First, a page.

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The Moon and the Arc of the Milky Way
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The Moon and the Arc of the Milky Way

April 25, 2012
ESO Photo Ambassador Stéphane Guisard captured this astounding panorama from the site of ALMA, the Atacama Large Millimeter/submillimeter Array, in the Chilean Andes. The 5000-meter-high and extremely dry Chajnantor plateau offers the perfect place for this state-of-the-art telescope, which studies the Universe in millimeter- and submillimeter-wavelength light.

Numerous giant antennas dominate the center of the image. When ALMA is complete, it will have a total of 54 of these 12-meter-diameter dishes. Above the array, the arc of the Milky Way serves as a resplendent backdrop. When the panorama was taken, the Moon was lying close to the center of the Milky Way in the sky, its light bathing the antennas in an eerie night-time glow. The Large and Small Magellanic Clouds, the biggest of the Milky Way's dwarf satellite galaxies, appear as two luminous smudges in the sky on the left. A particularly bright meteor streak gleams near the Small Magellanic Cloud.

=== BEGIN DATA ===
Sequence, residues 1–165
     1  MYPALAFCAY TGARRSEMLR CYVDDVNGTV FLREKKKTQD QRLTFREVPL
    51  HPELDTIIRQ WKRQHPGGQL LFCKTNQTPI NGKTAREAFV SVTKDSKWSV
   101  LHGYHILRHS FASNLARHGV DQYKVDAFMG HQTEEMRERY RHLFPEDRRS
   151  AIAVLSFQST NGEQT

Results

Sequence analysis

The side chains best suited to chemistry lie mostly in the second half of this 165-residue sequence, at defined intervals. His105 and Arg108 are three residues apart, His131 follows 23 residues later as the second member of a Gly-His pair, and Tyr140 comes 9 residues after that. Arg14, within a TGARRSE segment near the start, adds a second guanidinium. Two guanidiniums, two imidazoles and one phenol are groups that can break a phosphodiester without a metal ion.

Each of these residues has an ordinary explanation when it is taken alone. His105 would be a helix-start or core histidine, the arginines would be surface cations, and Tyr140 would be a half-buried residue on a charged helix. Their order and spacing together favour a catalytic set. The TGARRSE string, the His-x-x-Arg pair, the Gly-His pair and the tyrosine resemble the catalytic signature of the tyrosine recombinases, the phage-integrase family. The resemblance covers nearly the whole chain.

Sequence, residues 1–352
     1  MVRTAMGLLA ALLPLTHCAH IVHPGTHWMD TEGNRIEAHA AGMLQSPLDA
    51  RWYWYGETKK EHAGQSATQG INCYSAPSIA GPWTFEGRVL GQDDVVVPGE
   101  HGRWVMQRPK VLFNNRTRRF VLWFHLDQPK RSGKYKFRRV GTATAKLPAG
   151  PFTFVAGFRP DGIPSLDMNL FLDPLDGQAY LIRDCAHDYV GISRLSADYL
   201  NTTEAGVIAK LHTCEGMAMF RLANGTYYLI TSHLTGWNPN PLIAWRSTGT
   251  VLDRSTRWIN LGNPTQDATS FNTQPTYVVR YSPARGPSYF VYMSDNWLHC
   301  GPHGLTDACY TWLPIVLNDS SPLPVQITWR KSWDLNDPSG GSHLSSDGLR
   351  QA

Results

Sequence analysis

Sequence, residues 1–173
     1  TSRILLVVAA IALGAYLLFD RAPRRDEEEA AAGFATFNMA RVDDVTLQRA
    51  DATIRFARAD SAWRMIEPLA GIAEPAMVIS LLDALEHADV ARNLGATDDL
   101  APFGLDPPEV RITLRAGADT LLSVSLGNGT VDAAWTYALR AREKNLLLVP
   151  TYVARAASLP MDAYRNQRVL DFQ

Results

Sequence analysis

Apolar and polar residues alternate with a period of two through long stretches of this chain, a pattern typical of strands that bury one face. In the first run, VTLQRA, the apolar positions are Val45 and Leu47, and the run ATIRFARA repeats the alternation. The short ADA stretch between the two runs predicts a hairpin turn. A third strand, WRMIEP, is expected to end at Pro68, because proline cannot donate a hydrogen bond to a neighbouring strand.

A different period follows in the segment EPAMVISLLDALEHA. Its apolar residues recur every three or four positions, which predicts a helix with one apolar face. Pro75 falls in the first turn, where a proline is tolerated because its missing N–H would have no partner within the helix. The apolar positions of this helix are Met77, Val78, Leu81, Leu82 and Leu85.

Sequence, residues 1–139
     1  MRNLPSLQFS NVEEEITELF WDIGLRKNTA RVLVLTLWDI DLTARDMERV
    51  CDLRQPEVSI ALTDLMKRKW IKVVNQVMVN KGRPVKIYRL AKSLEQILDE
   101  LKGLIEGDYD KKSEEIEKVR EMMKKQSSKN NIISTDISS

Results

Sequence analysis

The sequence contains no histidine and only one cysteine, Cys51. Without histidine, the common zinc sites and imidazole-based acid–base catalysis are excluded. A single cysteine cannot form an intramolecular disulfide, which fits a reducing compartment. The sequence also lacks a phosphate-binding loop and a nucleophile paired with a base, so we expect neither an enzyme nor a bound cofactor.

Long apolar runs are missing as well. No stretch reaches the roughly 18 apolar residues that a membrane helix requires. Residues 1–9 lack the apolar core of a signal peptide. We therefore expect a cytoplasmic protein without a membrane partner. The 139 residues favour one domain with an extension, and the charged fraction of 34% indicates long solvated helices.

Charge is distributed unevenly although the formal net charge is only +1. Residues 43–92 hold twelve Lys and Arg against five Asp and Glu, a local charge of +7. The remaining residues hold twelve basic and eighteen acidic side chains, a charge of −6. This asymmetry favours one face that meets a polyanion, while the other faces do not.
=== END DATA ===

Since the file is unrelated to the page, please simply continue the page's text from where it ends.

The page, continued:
On the right, some of ALMA’s smaller 7-meter antennas — twelve of which will be used to form the Atacama Compact Array — can be seen. Still further on the right shine the lights of the Array Operations Site Technical Building. And finally, looming behind this building is the dark, mountainous peak of Cerro Chajnantor.

ALMA, an international astronomy facility, is a partnership of Europe, North America and East Asia in cooperation with the Republic of Chile. ALMA construction and operations are led on behalf of Europe by ESO, on behalf of North America by the National Radio Astronomy Observatory (NRAO), and on behalf of East Asia by the National Astronomical Observatory of Japan (NAOJ). The Joint ALMA Observatory (JAO) provides the unified leadership and management of the construction, commissioning and operation of ALMA.

Credit: ESO/S. Guisard (www.eso.org/~sguisard)
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